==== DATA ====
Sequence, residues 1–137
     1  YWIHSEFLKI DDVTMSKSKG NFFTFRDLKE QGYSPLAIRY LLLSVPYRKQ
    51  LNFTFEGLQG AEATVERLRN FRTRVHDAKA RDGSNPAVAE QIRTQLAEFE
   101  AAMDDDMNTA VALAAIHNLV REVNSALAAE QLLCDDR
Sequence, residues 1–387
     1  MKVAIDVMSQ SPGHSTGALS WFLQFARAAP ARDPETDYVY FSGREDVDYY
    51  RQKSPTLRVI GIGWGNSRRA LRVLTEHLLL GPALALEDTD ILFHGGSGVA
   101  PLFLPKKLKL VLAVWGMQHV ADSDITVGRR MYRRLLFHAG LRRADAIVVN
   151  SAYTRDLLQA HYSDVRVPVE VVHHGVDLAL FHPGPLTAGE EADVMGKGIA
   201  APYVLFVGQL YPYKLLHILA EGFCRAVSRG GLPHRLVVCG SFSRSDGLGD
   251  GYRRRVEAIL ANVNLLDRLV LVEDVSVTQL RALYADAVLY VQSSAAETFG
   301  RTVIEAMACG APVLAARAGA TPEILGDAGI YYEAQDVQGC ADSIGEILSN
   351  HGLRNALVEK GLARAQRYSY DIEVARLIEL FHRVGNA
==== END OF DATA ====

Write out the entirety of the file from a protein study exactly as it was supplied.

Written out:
Sequence, residues 1–137
     1  YWIHSEFLKI DDVTMSKSKG NFFTFRDLKE QGYSPLAIRY LLLSVPYRKQ
    51  LNFTFEGLQG AEATVERLRN FRTRVHDAKA RDGSNPAVAE QIRTQLAEFE
   101  AAMDDDMNTA VALAAIHNLV REVNSALAAE QLLCDDR
Sequence, residues 1–387
     1  MKVAIDVMSQ SPGHSTGALS WFLQFARAAP ARDPETDYVY FSGREDVDYY
    51  RQKSPTLRVI GIGWGNSRRA LRVLTEHLLL GPALALEDTD ILFHGGSGVA
   101  PLFLPKKLKL VLAVWGMQHV ADSDITVGRR MYRRLLFHAG LRRADAIVVN
   151  SAYTRDLLQA HYSDVRVPVE VVHHGVDLAL FHPGPLTAGE EADVMGKGIA
   201  APYVLFVGQL YPYKLLHILA EGFCRAVSRG GLPHRLVVCG SFSRSDGLGD
   251  GYRRRVEAIL ANVNLLDRLV LVEDVSVTQL RALYADAVLY VQSSAAETFG
   301  RTVIEAMACG APVLAARAGA TPEILGDAGI YYEAQDVQGC ADSIGEILSN
   351  HGLRNALVEK GLARAQRYSY DIEVARLIEL FHRVGNA